Young swimmers make winning splash

PUBLISHED : Thursday, 20 October, 2011, 12:00am
UPDATED : Thursday, 20 October, 2011, 12:00am


Young competitors claimed the top prizes on Sunday in Hong Kong's cross-harbour swim, which returned after a 33-year break. The teenagers stood out from nearly 1,000 people who participated in the race in Victoria Harbour.

John Ling Tin-yu, 18, won the men's open category in 20minutes and 34 seconds. David Wong, 22, was second, 14 seconds behind.

Natasha Tang Wing-yung, 19, a student at Diocesan Girls' School, won the women's open race in 23min 7 sec.

Weeks before the competition, a cloud seemed to hang over the New World Harbour Race. Some were concerned pollution levels in the sea, and weather forecasters also warned of a typhoon that day. Yet despite the worries, the 1.8-kilometre race - from Lei Yue Mun to Quarry Bay Park - went smoothly.

John, who is studying in Britain, and is a member of an open-water swimming squad, says he chose the right strategy to beat David, who recently won the 200m freestyle at the Fina Swimming World Cup in Dubai. 'David is very fit, so I pushed myself in the beginning to build up a lead. It worked well, and the strategy helped me win,' John says.

'I liked the atmosphere during the race; it is rare to have so many people cheering for swimmers in an open-water race. I will come again for sure, if the organiser holds the race again next year.'

After the race, John left immediately to catch a flight from Shenzhen to Nanchang . He is competing there for Hong Kong at the National Intercity Games.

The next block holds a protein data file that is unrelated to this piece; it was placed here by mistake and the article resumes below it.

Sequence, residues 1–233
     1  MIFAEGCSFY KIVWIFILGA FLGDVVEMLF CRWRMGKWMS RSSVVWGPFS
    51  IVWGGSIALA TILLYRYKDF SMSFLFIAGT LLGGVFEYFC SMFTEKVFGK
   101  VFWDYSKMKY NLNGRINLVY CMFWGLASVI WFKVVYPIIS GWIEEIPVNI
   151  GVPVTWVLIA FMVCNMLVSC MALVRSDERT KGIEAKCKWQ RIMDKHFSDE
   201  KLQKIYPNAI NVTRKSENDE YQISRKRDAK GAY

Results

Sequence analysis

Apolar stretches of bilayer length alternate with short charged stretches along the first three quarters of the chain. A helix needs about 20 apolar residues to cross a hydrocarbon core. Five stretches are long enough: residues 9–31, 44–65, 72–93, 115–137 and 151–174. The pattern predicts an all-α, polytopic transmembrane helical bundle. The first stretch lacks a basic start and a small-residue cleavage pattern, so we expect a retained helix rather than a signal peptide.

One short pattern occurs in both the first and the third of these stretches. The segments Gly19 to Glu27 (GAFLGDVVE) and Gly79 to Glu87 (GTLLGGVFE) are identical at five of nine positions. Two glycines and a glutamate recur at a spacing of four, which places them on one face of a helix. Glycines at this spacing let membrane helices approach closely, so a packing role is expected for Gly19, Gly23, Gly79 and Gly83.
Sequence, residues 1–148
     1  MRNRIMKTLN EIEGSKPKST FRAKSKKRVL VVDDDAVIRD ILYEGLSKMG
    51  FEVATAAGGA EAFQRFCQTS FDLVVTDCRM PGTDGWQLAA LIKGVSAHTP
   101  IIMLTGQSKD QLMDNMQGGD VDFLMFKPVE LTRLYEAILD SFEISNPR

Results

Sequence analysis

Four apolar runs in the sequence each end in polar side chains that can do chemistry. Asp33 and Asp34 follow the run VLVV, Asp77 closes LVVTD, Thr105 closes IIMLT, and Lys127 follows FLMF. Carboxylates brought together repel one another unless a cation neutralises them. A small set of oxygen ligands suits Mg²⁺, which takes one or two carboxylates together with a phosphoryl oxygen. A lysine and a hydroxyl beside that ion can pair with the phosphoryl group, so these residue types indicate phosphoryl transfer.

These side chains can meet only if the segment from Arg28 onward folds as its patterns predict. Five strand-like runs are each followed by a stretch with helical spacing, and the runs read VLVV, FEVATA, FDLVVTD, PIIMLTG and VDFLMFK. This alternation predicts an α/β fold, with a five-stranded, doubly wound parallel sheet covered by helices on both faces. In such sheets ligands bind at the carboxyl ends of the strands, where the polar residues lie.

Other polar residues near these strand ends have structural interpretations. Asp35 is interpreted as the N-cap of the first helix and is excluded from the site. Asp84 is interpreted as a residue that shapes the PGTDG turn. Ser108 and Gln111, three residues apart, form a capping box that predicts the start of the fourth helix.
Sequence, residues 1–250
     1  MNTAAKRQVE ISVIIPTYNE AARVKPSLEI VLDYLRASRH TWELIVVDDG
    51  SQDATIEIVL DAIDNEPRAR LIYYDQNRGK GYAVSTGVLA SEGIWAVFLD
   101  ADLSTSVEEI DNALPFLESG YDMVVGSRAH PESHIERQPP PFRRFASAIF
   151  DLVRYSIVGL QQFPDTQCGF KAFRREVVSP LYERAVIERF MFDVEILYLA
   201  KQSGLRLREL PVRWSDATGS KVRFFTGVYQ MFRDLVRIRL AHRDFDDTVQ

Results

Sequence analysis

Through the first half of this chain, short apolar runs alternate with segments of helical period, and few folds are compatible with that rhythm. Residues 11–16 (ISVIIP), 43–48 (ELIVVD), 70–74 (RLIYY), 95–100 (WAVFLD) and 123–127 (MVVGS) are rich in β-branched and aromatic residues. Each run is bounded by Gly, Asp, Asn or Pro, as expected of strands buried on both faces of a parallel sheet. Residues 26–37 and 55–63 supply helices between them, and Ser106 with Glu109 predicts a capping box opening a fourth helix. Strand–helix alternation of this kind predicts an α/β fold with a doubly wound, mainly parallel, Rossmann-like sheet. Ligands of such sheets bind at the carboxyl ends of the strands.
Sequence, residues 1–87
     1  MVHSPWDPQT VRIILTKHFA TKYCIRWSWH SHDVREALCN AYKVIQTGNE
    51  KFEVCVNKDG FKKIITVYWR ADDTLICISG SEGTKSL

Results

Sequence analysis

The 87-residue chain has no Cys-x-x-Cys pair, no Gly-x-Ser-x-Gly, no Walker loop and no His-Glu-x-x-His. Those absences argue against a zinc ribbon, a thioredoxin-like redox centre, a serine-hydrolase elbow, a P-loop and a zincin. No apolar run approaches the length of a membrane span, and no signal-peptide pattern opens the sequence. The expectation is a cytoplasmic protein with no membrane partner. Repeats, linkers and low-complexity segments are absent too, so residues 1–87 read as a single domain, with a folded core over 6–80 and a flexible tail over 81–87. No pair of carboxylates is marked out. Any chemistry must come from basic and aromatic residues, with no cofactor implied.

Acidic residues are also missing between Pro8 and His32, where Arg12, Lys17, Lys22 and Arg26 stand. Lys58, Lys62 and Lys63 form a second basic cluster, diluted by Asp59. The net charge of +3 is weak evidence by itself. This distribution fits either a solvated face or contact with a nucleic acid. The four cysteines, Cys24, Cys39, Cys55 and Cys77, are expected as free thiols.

Nicholas Lau Chak-lam, 16, from Diocesan Boys' School (DBS), finished first out of the 12- to 16-year-old boys, in 20 min 49 sec. It was an impressive effort by Nicholas, who came third out of Hong Kong's swimmers in Fina's international 10-kilometre marathon race this month.

Nicholas thanked his coach Dickson Chan Tit-shing for his success. Before the race, Chan, from Dik Wing Association, had checked the wind direction and discussed strategy with Nicholas. He then crossed the harbour to wait at the finish.

Nicholas said: 'I had a clear target. Right at the start, I followed the first leader boat so I was sure I wouldn't get lost in the middle of race.

'The water was clean, and I didn't crash into rubbish in the sea. But the waves got rougher after the first half of the race.'

Nicholas also thanked the DBS principal and the PE teacher for letting him swim in the race.

'The cross-harbour race comes in the middle of the inter-school competition, but they are not worried that I am spending my energy on this. So I hope I can also win some medals for my school,' he says.

Fiona Chan, 14, won the 12-to-16 age group for girls, finishing in 24min 10 sec.

The cross-harbour swim had been last held in 1978. But the annual event was suspended because of fears over water pollution.

Full results of this year's race will be available on next week